SureVision Glossary

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Discover the Anatomy of the Eye


The iris is the colored, ring-shaped membrane surrounding the pupil. The connective tissues and smooth muscle fibers adjust themselves to allow light into the eye by shrinking or widening the pupil. When people ask what color eyes you have, they are asking what color your irises are!

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The cornea is the clear structure at the front of the eye that makes up the central, outer surface. It is like the windshield of a car allowing light inside and protecting the iris and pupil. And just like a windshield, if it becomes cloudy or opaque, it can significantly limit a person’s ability to see.

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The pupil is a dark circular opening in the center of the iris. In conjunction with the iris, the pupil allows light to enter the eye so that it can be focused on the retina and begin the process of sight. When the iris works to make the pupil larger in low-light situations, it is allowing as much light in as possible so that you can have better night vision. On the other hand, when the iris works to make the pupil smaller in high-light situations, it is restricting the amount of light in to avoid a glare, discomfort, or even damage.

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The lens is an elastic, transparent tissue behind the iris. It changes shape to bend and focus light, forming a clear image in the back of the eye. It expands to focus on close objects and becomes thinner to focus on distant objects.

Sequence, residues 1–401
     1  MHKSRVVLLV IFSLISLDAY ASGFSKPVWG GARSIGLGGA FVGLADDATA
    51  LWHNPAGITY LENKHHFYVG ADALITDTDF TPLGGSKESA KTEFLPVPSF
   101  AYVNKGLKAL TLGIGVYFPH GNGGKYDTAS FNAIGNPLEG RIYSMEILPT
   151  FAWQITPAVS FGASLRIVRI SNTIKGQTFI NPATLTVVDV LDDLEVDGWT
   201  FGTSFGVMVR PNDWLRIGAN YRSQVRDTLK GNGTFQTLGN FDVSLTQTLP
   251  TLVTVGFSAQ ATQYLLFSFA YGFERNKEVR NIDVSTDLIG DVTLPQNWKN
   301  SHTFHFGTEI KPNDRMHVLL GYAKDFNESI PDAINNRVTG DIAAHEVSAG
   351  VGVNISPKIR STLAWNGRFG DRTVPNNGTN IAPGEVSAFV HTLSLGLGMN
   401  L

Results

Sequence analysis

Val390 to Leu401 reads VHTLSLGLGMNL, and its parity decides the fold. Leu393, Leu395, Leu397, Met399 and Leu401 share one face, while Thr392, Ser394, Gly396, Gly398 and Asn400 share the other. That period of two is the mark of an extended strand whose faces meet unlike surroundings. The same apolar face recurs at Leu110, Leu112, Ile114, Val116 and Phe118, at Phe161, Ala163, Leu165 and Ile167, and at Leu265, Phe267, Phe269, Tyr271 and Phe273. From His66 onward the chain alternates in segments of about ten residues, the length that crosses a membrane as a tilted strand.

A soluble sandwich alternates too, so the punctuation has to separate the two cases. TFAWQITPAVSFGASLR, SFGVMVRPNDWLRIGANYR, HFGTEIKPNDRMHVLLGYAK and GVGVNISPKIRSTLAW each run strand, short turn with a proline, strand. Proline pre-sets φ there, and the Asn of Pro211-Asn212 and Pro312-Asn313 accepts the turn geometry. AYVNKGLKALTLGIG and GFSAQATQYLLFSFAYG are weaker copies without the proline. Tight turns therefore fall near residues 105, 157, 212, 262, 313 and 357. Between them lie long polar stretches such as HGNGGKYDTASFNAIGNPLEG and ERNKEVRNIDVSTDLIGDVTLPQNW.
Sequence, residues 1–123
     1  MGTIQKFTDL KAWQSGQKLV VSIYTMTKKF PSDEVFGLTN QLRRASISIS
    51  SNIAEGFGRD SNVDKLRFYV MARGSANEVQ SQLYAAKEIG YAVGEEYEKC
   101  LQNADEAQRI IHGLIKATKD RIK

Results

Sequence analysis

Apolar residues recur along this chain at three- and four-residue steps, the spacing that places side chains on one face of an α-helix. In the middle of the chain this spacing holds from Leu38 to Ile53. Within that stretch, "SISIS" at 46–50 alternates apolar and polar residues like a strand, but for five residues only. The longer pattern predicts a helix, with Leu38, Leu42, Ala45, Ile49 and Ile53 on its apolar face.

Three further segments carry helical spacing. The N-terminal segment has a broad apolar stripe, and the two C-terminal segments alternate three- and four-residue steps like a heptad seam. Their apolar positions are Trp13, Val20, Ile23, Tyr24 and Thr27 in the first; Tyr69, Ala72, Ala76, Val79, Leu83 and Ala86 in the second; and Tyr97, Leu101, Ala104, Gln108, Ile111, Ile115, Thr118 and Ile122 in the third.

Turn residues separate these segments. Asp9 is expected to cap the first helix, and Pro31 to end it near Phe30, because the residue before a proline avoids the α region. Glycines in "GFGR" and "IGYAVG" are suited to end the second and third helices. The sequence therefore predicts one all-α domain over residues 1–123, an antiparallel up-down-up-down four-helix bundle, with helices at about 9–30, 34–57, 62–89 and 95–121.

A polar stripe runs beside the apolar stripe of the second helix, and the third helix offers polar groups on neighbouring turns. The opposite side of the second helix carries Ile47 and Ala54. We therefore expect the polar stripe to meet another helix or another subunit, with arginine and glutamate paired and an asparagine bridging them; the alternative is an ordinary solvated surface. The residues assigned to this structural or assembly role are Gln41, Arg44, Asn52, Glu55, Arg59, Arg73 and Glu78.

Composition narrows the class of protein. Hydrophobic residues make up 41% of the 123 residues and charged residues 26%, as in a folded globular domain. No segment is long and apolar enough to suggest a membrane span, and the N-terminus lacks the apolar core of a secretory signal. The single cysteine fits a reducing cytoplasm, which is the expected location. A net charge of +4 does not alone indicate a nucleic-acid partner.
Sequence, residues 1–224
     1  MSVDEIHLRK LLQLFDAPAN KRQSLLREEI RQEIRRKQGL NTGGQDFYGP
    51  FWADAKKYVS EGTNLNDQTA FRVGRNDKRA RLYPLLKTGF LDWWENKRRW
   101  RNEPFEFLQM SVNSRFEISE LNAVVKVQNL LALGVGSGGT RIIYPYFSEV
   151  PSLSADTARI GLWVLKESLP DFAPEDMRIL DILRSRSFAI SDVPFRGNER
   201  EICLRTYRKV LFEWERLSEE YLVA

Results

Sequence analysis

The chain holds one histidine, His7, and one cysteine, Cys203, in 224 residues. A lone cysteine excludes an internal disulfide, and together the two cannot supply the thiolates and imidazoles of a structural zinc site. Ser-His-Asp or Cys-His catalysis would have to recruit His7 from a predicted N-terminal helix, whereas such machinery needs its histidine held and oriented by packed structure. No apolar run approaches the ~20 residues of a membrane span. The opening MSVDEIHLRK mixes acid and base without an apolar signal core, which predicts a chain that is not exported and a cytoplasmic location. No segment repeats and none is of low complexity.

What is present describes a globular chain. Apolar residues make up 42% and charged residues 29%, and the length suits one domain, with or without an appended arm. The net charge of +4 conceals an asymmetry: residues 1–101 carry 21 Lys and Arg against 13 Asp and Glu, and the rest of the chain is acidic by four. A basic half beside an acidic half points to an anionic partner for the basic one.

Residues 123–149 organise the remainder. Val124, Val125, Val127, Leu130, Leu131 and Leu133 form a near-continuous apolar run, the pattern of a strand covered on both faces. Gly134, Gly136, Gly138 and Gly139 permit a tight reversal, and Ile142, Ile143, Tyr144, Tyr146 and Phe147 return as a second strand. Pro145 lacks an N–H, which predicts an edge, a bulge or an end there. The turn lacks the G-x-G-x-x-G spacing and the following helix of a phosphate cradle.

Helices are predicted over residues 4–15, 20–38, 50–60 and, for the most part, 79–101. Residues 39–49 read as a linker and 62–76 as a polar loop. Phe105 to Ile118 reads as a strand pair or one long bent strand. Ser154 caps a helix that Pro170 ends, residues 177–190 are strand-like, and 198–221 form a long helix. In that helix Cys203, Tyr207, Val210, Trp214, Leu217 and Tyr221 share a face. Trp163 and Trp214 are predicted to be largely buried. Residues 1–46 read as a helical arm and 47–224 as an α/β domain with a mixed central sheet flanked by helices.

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The retina is the light-sensitive membrane that lines the inner surface of the back of the eye. It is made up of layers of cells, including a layer of millions of photoreceptor cells. They gather the light that is focused by the cornea and lens and use it to produce images. This combination of nervous and chemical signals are transported through the optic nerve to the visual centers of the brain for interpretation. The signals are then converted into images of what you visually see every day!

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Optic Nerve

The optic nerve is a cable-like arrangement of nerve fibers at the back of the eye that connects your brain to the eye. By receiving light signals from about 125 million photoreceptor cells in the retina, the optic nerve transfers the resulting impulses to the brain and then interprets them as images.

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Vitreous humor

The vitreous humor is the colorless, jelly-like substance that fills the space inside the eye from the lens to the retina. It is made up of 99% water as well as collagen, protein, salts, and sugars. It helps maintain the shape of the eyeball and protects the retina from sliding out of place.

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The sclera, commonly known as the “white part” of the eye, is made up of dense, fibrous connective tissue that extends over more than 80% of the eye’s surface. Its main function is to help protect the eye. For example, the tough tissues shield the eye from external trauma and help it maintain its shape. The sclera also assists in the movement of the eye by providing a sturdy attachment for the extraocular muscles.

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Ciliary body

The ciliary body is the circular band of muscles that sits behind the iris. These muscles change the shape of the lens in order to modify the eye’s focus. The ciliary body also secretes the aqueous fluid that fills the chambers and provides nutrition to the tissues in the eyes.

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The choroid is the thin layer of tissue that lies between the retina (the inner layer of nerve tissue toward the back of the eye) and the sclera (the outer layer that makes up the white of the eye). It is filled with blood vessels that carry oxygen and nourishment to the adjacent outer retina as well as to the rest of the eye.

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